• 2008Toolik_ProteolyticActivity - The original focus of this study was an analysis of proteolytic enzyme activity of Alaskan arctic tundra soils, however initial results raised questions regarding the method (Watanabe and Hayano, 1995). Thus, the goals of the study changed to 1) an investigation of the method, and 2) a comparison of enzyme activities of two different soil layers from the arctic tundra. Methodological examination included the impact of toluene, used to prevent immobilization of the product, and blank correction of enzyme activity, and a search for a true 6-h linear rate of activity during a 48-hour incubation. We measured native and potential, using casein as an artificial substrate, activities as net amino acid production in mineral and organic soil layer samples. Varying toluene concentration had no clear effect on activity; omitting toluene resulted in zero native activity and reduced potential for the organic samples, but not for the mineral. Comparison of activities with and without blank correction indicated, particularly for potential activity of samples with low native rates, that correction was required for accuracy. Native and potential activity of the organic samples, and native of the mineral were linear for the first 6 h of incubation; linearity was observed during the 6 to 24 h incubation for potential activity of the mineral. Soil layer activity data indicated that native activity was higher in organic soils as compared with mineral. The organic layer potential activity was ten-fold greater than the native, suggesting substrate limitation; potential and native activities did not differ in the mineral layer, indicating substrate sufficiency. Casein addition changed the kinetic pattern for both layers from hyperbolic to sigmoidal for the mineral and linear for the organic, implying different enzyme pools or behavioral changes of existing pools. Native activity based on total soluble protein was higher for the mineral samples relative to the organic, reiterating substrate capacity differences and variations in enzyme/substrate interactions.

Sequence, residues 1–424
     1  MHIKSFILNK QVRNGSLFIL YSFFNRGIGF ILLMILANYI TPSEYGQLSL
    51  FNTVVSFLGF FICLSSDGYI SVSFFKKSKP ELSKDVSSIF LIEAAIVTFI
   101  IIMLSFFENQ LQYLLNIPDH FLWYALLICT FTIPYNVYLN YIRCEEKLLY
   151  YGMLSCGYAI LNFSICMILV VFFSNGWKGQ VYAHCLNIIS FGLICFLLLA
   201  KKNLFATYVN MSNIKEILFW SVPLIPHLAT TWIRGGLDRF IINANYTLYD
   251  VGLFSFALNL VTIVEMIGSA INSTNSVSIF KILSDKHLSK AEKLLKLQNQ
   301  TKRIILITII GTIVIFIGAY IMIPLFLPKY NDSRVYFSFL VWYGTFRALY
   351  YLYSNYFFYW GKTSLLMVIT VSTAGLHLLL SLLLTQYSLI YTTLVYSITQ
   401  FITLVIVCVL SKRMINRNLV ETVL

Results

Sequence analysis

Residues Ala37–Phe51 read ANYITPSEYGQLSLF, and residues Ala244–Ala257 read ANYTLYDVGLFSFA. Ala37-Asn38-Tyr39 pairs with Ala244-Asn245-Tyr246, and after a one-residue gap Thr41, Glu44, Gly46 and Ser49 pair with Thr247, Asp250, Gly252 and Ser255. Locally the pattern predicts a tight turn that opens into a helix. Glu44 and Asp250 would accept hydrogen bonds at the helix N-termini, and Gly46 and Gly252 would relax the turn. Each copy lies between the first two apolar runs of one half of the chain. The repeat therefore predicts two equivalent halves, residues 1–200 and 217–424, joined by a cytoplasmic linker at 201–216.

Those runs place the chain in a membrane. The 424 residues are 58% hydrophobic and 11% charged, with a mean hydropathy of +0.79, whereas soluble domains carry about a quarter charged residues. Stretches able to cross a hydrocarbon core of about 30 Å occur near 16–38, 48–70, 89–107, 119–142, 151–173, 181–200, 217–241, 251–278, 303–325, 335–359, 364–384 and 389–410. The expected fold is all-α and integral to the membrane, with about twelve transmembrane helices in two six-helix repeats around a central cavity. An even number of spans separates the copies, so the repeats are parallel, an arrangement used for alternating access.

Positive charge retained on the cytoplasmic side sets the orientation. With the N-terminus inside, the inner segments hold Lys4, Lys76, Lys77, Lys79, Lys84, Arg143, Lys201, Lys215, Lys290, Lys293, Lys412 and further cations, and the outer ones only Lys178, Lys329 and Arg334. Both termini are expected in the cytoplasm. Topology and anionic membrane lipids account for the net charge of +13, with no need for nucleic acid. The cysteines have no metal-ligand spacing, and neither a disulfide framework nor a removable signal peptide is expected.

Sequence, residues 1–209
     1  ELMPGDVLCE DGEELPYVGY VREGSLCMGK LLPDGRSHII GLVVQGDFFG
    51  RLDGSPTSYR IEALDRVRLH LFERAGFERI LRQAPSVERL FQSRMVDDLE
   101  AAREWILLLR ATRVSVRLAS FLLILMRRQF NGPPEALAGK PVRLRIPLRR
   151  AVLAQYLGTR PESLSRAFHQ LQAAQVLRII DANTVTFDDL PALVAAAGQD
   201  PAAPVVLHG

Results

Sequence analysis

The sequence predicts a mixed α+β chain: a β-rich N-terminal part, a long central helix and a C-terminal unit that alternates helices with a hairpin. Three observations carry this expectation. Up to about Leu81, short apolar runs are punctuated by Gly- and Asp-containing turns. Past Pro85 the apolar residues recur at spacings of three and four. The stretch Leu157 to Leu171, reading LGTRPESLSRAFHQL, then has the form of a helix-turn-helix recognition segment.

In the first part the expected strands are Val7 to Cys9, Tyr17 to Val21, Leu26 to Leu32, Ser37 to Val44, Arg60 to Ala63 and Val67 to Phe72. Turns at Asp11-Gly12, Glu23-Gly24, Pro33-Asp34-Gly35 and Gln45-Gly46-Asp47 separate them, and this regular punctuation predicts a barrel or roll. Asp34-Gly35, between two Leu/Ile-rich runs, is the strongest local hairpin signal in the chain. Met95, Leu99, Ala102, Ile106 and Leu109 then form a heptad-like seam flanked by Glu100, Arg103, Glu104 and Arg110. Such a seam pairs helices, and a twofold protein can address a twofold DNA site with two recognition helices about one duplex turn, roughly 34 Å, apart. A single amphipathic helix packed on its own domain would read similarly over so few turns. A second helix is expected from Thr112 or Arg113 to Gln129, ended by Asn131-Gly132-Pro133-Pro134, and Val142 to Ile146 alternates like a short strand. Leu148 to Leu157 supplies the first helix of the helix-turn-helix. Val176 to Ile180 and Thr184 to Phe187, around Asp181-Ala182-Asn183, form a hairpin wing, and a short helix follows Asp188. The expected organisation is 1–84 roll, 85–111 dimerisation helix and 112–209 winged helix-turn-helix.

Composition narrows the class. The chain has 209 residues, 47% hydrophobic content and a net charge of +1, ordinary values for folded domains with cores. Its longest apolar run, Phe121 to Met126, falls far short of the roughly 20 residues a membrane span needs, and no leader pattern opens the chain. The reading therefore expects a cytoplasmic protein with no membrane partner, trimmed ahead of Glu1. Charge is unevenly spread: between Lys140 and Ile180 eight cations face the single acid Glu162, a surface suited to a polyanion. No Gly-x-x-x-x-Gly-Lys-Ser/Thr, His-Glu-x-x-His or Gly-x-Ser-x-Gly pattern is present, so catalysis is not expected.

• 2010_MAT_SoilThawTemp_lg - In 2010, thaw depth and soil temperature were measured throughout the growing season in control and fertilized plots in the Arctic LTER's moist acidic tundra sites.

  • 2011_MAT_89_06_NP_aggs_soil_JCM - Soil aggregate size distribution, aggregate carbon and nitrogen, and light fraction carbon were determined for mineral soils in moist acidic tundra. Soil was sampled in control, and N+P plots of the Arctic LTER Moist Acidic Tundra plots established in 1989 and 2006.

  • 2011_MAT_89_06_NP_Enzyme_JCM - Soil samples were collected from control, and N+P plots from within a set of treatments in Arctic LTER Moist Acidic Tundra plots established in 1989 and in 2006 . At the time of sampling the soil was separated into organic horizon, organic/mineral interface, and the upper 5cm of the mineral soil. In the lab the potential activities of seven hydrolytic enzymes was determined using fluorometric techniques (Saiya-Cork et al. 2002) modified following Steinweg et al(.2012).